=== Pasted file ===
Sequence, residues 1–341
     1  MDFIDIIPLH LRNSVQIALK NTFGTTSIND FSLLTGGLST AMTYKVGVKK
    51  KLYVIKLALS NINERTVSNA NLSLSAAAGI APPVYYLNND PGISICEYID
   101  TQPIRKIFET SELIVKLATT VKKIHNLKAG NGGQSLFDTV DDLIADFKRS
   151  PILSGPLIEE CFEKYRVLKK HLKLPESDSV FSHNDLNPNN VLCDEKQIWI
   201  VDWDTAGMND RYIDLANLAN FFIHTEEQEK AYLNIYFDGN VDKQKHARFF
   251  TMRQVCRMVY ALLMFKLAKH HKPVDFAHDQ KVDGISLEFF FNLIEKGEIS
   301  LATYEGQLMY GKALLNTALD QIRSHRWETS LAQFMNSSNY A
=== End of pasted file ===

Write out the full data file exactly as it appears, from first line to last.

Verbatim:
Sequence, residues 1–341
     1  MDFIDIIPLH LRNSVQIALK NTFGTTSIND FSLLTGGLST AMTYKVGVKK
    51  KLYVIKLALS NINERTVSNA NLSLSAAAGI APPVYYLNND PGISICEYID
   101  TQPIRKIFET SELIVKLATT VKKIHNLKAG NGGQSLFDTV DDLIADFKRS
   151  PILSGPLIEE CFEKYRVLKK HLKLPESDSV FSHNDLNPNN VLCDEKQIWI
   201  VDWDTAGMND RYIDLANLAN FFIHTEEQEK AYLNIYFDGN VDKQKHARFF
   251  TMRQVCRMVY ALLMFKLAKH HKPVDFAHDQ KVDGISLEFF FNLIEKGEIS
   301  LATYEGQLMY GKALLNTALD QIRSHRWETS LAQFMNSSNY A